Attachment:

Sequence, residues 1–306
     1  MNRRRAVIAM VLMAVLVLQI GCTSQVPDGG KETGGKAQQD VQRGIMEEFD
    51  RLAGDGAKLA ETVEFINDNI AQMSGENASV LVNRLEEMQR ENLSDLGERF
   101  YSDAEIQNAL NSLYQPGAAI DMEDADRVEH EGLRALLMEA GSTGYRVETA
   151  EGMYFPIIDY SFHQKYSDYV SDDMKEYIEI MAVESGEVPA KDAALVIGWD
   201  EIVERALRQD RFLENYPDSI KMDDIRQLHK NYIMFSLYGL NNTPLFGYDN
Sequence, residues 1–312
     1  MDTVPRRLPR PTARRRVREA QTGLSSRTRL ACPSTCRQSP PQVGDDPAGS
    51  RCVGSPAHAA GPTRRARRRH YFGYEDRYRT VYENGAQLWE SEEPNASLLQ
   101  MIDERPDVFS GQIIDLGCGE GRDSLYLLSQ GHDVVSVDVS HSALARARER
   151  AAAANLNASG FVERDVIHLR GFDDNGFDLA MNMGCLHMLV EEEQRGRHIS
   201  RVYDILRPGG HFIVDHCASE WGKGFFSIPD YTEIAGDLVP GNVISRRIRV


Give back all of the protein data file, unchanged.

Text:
Sequence, residues 1–306
     1  MNRRRAVIAM VLMAVLVLQI GCTSQVPDGG KETGGKAQQD VQRGIMEEFD
    51  RLAGDGAKLA ETVEFINDNI AQMSGENASV LVNRLEEMQR ENLSDLGERF
   101  YSDAEIQNAL NSLYQPGAAI DMEDADRVEH EGLRALLMEA GSTGYRVETA
   151  EGMYFPIIDY SFHQKYSDYV SDDMKEYIEI MAVESGEVPA KDAALVIGWD
   201  EIVERALRQD RFLENYPDSI KMDDIRQLHK NYIMFSLYGL NNTPLFGYDN
Sequence, residues 1–312
     1  MDTVPRRLPR PTARRRVREA QTGLSSRTRL ACPSTCRQSP PQVGDDPAGS
    51  RCVGSPAHAA GPTRRARRRH YFGYEDRYRT VYENGAQLWE SEEPNASLLQ
   101  MIDERPDVFS GQIIDLGCGE GRDSLYLLSQ GHDVVSVDVS HSALARARER
   151  AAAANLNASG FVERDVIHLR GFDDNGFDLA MNMGCLHMLV EEEQRGRHIS
   201  RVYDILRPGG HFIVDHCASE WGKGFFSIPD YTEIAGDLVP GNVISRRIRV